In January at CES it was clear that the trend in desktop 3D printers was all about “mini” 3D printers. It seemed that every company was either introducing a mini 3D printer as an additional product to their assortment, or was entirely built around a mini 3D printer. We reached out to all of the companies that make a mini 3D printer in an effort to review as many as possible, we are calling our series of mini 3D printer reviews the “Battle of the Minis.” We contacted all of the mini 3D printer manufactures at the same time, and in an effort to be completely fair and unbiased we decided to review them in the order that we received them. Therefore, in this first Battle of the minis installment is the M3D Printer Review, as it was the first to be received.
The M3D printer started as one of the most successful 3D printer Kickstarter campaigns, concluding on May 7th, 2014 after raising $3,401,361.00. Now more than two years later the Maryland based company is in post reward production, selling their 3D printers for $350 each, and I have seen ads on Facebook for sales that sell them for even less. This is very impressive especially when we read so much about common delays and failed Kickstarter 3D printer projects, most notably is the failed Peachy 3D printer.
M3D PRINTER REVIEW – OUT OF THE BOX
Immediately upon opening the box, the package design makes a very professional statement. This is a serious company that knows you do not get a second chance to make a first impression. When I saw the quality white corrugated cardboard box with full color photo of the printer, I wanted to rip it open as fast as I could! Once inside I found the printer to be very well protected in bubble wrap. A nice quality full color user manual (booklet) is provided to walk you through the steps of setting up the 3D printer. I followed the instructions to the letter to make sure I understood the user experience the company intended. The instructions were clear, easy to understand, and made me confident that I was going to be up and printing in short order. All I had to do was unwrap the printer, remove the sky blue tape that was securing moving parts, remove some 3d printed gantry clips, install the desktop software, load the filament provided, and I would be good to go.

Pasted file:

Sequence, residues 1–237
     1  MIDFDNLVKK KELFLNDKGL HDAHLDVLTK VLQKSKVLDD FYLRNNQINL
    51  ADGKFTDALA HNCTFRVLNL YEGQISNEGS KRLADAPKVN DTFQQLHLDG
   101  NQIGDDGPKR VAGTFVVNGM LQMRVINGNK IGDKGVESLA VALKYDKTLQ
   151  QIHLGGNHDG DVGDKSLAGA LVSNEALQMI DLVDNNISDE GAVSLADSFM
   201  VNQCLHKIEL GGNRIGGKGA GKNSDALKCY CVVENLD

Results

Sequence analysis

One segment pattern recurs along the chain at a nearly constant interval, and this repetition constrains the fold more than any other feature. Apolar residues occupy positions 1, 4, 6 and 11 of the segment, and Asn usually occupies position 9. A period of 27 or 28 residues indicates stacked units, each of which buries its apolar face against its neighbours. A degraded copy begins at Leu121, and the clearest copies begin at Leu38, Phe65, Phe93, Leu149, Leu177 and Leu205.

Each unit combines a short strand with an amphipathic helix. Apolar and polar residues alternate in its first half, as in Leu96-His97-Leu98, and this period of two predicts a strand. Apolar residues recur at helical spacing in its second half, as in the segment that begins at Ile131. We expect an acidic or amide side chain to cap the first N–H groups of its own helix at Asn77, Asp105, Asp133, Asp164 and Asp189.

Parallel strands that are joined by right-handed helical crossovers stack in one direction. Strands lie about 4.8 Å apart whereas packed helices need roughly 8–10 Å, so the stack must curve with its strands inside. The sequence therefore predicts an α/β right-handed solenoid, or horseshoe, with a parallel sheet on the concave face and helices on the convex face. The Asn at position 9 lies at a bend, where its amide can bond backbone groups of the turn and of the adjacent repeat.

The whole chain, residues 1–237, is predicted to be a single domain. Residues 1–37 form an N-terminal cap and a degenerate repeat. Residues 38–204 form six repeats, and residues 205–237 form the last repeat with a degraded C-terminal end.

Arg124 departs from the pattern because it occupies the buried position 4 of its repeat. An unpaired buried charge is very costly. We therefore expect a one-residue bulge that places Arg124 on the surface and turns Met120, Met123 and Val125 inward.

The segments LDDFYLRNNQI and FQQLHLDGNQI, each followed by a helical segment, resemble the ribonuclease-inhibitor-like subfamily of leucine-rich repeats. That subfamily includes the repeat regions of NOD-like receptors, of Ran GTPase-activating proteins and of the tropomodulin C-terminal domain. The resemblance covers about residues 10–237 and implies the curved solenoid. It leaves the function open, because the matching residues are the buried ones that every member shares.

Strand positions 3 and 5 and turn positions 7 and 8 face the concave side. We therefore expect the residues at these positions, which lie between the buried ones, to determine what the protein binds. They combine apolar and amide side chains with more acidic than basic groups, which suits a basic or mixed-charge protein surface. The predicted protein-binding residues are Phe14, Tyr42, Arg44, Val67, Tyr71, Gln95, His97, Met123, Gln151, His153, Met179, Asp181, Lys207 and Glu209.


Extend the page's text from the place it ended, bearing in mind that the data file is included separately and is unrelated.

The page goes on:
I want to take some time to highlight the design of this 3D printer. This is not just an engineered machine, the final product is the result of some experienced and carefully considered industrial design. While this 3D printer is rather small and simple, its form does not simply follow function, as so many others do. This product is an elegant example of what a well designed product should be, from the form, fit, and finish, to the user experience when interfacing with the hardware to load filament, they thought of everything. One major example is the braided covering to the filament tube. Most companies would simply use a white plastic tube because that is all that is required for the printer to function properly. The designers of the M3D elevated this basic part that would otherwise be accepted as simply “necessary,” to a design detail that demands your attention and evokes a feeling of confidence that this is a special product. Unfortunately, my user experience trying to print files on the M3D printer did not live up to the quality of the physical product design.